First Days At Post Part 2

The Mission There is a well in my front yard, 10 feet from my house. That is where I get water for bucket baths and cleaning. Drinking water comes from the little spout on the concrete wall, aka the pump, 30 feet from my house. On my second day, I ventured to the pump with a small container. I turned the knob, hoping for the refreshing sound of water coming right up from the earth. But nothing came out. Someone yelled across the yard and told me it was broken. Fan-effin-tastic. Now what? I walked back to my house, defeated. My neighbor told me that she gets her water from the freres’ house down the road. Huh? Freres? I didn’t know what she was talking about so I decided to buy some bottled water from the mama on the main road until I could figure something out. When my homologue finally showed up, my neighbor told him about the water. He said we would go inquire about it. We went on a mission to find water. We walked down the road, towards the freres’ house. When we arrived, 2 minutes later, I saw a nicely manicured little garden in front of a large house. We walked up to the door, and a Frenchman answered. Huh?!? He invited us in, and it was then I realized: this is where the priests live. There is a Catholic mission in my village, and 4 ‘freres’ or brothers live there. He gave me a glass of sweet ginger syrup mixed with cold water. I was so surprised to learn that they were here… I don’t know why because there’s a huge sign on our road that says ‘mission de freres’ on it… But I am always one to miss the signs. Anyways, they work with a lot of community groups, including health, environmental, and local women’s groups. I was very excited to learn this, and told them I was very interested in working with them on different community activities. They are all very kind; there is one from Togo, one from Burkina Faso, one from Benin, and one from France. I hope that I can volunteer with them, and be able to learn more about the community and be involved in more projects. How cool is that?! And for only 500 CFA per month, I can use their water pump. I just have to figure out how to transport my big yellow container back and forth down the road… Lucky I have my bike, and lucky I packed those bungee cords at the last minute.

The Current Gossip I returned home one evening, from who knows where, and found my electricity had been cut. I looked over at Maman’s house (my neighbor) and her electricity was on. “Maman, il y a un petit probleme avec le courant” (or however you spell it). She huffed and puffed and uttered one single word: “la policia.” She started marching up the dirt road, flailing her arms and saying I think something along the lines of: that darn woman! But I can’t be certain. I followed her, and then she suddenly stopped and turned around, an almost fear-like sparkle in her eye. She told me that this mystical “la policia” doesn’t like her, and she marched back home. Her 24 year old brother, who just moved to town, told her that he saw ‘la policia’ cut the electricity. Oh la la. Maman was outraged. This is when the ‘current gossip’ began. Maman went on a ramble for the next 30 minutes, saying what exactly, I could not tell. She ordered me to call my landlord, who showed up 5 minutes later. Did I mention it’s about 8 pm at night? Maman spoke some words to him, and I watched as he marched up the road towards ‘la policia’s’ house, her back porch light sparkling in the night. About 15 minutes later, he returned with an electrician in tow. The man cut a few wires in the little electrical box near Maman’s front door. My lights flickered and came back on. Maman shook her head approvingly, and hands on her hips, told me that because I am friends with maman, because I go to church with maman, and because I have been seen talking to the priests when they come to saluter maman, ‘la policia’ doesn’t like me. Hmm okay… well then! She also said that my other neighbor whom I have not yet met is la policia’s niece. It gets more interesting. The niece bought the credit that currently pays for our electricity, and there are 5 houses that run off of it: our 3 houses, one other up the road, and la policia’s house. However, la policia somehow has the power to cut off this electricity. So, the niece (or so maman says) is afraid of going to church because if la policia finds out, then she will cut of the electricity that the niece had bought in the first place. Who this la policia woman is, I have no idea. But maman told everyone that passed by that night about la policia and the ‘current gossip’. And they oohed and aahed and oh la laed right along side her.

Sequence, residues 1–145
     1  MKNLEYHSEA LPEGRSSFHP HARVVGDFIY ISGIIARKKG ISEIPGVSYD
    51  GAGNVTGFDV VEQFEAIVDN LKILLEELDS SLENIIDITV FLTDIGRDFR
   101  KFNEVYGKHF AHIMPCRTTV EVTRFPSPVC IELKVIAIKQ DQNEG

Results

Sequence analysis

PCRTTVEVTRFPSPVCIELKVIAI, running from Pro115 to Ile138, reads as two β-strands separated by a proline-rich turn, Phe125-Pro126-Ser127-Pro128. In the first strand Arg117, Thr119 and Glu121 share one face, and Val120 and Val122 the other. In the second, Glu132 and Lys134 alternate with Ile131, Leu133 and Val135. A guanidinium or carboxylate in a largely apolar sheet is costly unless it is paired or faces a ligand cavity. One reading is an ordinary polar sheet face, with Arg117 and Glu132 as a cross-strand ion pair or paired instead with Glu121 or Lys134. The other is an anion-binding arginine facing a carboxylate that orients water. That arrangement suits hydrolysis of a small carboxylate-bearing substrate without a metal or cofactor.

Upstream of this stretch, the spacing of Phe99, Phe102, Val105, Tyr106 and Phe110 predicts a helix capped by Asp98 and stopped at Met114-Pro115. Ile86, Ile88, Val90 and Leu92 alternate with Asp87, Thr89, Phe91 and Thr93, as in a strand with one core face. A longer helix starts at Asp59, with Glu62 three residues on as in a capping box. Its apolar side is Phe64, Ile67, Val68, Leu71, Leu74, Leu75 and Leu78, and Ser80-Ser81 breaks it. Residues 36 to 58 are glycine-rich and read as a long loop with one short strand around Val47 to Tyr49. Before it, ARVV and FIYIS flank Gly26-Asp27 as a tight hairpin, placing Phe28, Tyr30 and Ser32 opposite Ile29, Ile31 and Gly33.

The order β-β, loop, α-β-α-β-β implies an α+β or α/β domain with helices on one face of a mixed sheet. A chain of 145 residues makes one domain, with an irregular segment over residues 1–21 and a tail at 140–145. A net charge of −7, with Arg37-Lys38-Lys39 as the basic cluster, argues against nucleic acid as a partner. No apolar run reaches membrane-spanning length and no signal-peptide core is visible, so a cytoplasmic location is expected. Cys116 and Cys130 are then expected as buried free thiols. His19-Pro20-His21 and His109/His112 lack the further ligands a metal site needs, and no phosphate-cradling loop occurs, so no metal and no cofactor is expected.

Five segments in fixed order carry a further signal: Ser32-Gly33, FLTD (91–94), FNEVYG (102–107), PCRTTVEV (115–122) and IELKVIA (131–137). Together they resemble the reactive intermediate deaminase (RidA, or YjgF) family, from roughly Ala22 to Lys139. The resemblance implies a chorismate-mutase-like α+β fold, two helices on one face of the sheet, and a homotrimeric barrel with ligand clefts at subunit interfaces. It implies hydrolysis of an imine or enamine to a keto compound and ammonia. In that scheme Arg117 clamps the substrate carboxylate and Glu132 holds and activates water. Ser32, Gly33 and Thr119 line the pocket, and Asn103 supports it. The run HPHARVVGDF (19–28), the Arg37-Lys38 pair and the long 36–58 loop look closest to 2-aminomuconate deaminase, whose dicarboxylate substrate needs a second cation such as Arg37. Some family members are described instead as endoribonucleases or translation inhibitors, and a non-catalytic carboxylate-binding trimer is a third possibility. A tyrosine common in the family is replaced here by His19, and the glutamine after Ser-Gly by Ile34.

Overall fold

So now? My electricity is hooked up to the church’s electrical wires, behind my house. After the electrician left, maman waved her arms and I’m petty sure said something along the lines of: “shove it, la policia!” then promptly went inside to watch the night’s episode of our favorite soap opera (it’s called Rosario).

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